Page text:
A recent article in Ophthalmology Times from the Febuary 15th 2012 volume, caught our interest. The specific article called “Child’s play may benefit myopia”. Myopia (nearsightedness) is a condition where light does not directly focus on the retina but in front of it, Myopia is the most common human ophthalmic disorder. Specifically, patients must wear glasses or contact lenses to allow clear vision for distance, but patients are generally in focus for near vision. In children, youthonset myopia occurs in early childhood and continues to progress until about the age of 21. Large major studies have been performed looking at ways to inhibit the progression of myopia. The basic idea is that by decreasing the accommodation/ the need to focus during near visual tasks and the progression would slow. Overall the studies showed that the use of spectacles, contact lenses, or medications (i.e. Atropine drops) does not inhibit the progression of myopia for any length of time.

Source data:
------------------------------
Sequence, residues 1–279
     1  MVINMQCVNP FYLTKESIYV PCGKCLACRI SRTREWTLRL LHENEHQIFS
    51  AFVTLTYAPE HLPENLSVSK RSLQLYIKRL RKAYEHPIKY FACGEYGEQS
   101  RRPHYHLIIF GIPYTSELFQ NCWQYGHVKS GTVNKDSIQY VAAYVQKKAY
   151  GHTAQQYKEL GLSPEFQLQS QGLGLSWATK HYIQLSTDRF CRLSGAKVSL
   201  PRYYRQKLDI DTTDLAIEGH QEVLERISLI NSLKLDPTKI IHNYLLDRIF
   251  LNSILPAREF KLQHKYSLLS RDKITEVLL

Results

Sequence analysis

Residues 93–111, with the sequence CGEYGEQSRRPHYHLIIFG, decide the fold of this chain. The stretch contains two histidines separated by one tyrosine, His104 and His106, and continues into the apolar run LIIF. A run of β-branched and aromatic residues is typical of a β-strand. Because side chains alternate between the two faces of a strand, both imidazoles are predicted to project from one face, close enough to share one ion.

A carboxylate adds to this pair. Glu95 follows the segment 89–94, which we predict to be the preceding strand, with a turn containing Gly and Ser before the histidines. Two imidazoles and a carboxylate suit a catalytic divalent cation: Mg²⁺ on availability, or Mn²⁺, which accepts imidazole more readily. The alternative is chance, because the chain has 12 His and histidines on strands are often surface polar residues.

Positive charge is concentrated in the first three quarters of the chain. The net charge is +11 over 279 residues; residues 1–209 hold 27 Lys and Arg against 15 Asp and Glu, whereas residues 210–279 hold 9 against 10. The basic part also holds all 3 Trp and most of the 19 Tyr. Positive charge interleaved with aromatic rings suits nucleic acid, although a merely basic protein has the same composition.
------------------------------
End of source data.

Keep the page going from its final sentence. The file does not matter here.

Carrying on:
In the Article, Dr Young discussed the idea that playing outdoors or being exposed to prolonged light exposure might protect against the development of or slow the progression of myopia in children. This would decrease the accommodative demands outdoors resulting in pupil constriction in bright light, that results in increased depth of focus; or dopamine is released, resulting in cessation of ocular growth. Simply put, parents should be encourged to have their children play outdoors, instead of sitting in front of a TV or a computer screen. This will not only help there physical well being and heath, but it may decrease their need for glasses.